This allows an opening for unsympathetic operatives like David Brooks to dismiss Gore as a "radical technological determinist," which, in addition to being a slander, is a shame. Because there is an earthier explanation of the problem.

First, rich people with a strong interest in distorting the truth use their financial advantages in every communications outlet -- not just on TV, but in newspapers, magazines, and even on the blessed internet. Gore is clearly aware of this, especially when it comes to environmental matters, but I think his faith in governmental solutions misleads him -- if, as he suggests at one point, we achieved "full transparency in the funding of nonprofit organizations" (including the ones sponsored by oil and gas companies), the villains would simply find a new way to disseminate lies. If Fairness Doctrine II came to be, they would use all their considerable powers to override it.

Second, while the multiplicity of lying opportunities cannot be pared down, we can yet equip our citizens to better apprehend the difference between their asses and a hole in the ground. Gore actually says that "education alone... is necessary but insufficient" without a way of "catalyzing the formation of a critical mass of opinion supporting their ideas." I say, let's take it one step at a time. If, as Gore admits, our people have had their heads stuffed full of nonsensical ideas, would it not be wise to teach them how to think? It is rather shocking that, in a book that includes "reason" in the title, Gore would say of the Enlightenment that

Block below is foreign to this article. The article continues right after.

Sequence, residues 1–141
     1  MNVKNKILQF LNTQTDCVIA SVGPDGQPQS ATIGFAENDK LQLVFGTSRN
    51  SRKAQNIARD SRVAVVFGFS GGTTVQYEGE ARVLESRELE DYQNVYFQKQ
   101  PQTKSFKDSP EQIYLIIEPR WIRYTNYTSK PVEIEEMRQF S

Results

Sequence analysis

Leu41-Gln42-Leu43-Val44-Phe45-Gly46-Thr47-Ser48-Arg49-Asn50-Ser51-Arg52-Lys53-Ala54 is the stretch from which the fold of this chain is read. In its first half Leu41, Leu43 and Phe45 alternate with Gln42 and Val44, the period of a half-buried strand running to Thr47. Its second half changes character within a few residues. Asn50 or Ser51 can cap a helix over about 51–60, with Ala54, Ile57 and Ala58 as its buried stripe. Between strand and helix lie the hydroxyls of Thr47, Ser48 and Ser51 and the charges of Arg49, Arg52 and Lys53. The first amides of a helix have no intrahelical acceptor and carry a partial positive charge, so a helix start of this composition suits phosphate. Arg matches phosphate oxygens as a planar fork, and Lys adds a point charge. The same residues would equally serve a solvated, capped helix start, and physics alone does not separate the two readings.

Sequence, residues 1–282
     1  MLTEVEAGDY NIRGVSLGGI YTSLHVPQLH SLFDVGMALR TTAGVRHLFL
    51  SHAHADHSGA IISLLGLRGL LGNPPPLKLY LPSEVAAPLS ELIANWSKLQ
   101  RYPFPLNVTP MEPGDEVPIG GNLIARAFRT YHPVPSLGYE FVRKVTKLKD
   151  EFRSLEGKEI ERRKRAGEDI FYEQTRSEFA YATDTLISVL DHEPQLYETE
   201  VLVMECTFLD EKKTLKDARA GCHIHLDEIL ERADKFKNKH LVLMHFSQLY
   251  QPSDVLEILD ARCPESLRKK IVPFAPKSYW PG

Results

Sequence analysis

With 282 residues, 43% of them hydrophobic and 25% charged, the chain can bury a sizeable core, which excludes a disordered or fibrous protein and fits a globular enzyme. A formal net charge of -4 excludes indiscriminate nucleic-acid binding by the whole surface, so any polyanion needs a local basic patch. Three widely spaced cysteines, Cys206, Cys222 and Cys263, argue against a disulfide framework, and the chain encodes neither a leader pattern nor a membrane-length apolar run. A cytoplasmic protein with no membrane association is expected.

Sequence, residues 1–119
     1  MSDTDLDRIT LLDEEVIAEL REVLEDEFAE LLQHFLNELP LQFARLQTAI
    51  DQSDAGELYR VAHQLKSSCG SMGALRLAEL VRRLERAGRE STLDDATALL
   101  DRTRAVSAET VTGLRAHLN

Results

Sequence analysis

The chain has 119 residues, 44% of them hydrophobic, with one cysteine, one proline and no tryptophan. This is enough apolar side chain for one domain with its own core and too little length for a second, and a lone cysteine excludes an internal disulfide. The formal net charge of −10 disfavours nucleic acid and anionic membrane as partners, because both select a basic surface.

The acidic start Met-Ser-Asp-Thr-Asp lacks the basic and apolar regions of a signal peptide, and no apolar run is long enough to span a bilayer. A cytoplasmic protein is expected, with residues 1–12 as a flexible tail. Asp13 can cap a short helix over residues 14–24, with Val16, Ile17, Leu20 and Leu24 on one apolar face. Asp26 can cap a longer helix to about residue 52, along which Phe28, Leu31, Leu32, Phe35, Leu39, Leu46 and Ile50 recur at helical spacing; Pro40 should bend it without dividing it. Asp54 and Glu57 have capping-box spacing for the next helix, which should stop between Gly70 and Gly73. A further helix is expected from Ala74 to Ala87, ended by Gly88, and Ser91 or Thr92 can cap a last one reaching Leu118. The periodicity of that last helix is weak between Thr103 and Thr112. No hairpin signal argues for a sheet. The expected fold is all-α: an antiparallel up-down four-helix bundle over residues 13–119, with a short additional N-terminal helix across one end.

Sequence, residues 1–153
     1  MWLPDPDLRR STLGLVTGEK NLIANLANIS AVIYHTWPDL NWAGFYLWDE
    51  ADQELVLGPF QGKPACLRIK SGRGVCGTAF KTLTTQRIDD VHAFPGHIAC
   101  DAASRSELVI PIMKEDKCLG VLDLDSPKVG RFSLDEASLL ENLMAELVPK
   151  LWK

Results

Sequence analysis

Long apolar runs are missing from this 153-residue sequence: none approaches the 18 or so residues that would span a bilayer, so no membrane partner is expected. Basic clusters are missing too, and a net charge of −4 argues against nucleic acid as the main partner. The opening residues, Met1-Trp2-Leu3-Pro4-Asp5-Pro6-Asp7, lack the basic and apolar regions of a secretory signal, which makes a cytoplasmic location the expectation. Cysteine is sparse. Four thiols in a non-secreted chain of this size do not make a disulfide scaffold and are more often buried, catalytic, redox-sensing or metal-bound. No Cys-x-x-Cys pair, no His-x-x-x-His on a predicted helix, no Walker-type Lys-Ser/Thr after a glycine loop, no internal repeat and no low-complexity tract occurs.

The Enlightenment, for all its liberating qualities... also had a dark side... abstract thought, when organized into clever, self-contained, logical formulations, can sometimes have its own quasi-hypnotic effect and so completely capture the human mind as to shut out the learning experiences of everyday life.
Q.E. fucking D., of course, but when the problem at hand is a proliferation of gibberish, can we afford to be so worried about the threat of sophomoric reasoning that we disdain reason altogether at the user end? With public education itself increasingly under siege, it would seem that any progressive attempt to fight the tsunami of propaganda would have to include, if not start with, a serious effort to teach young people how to reason.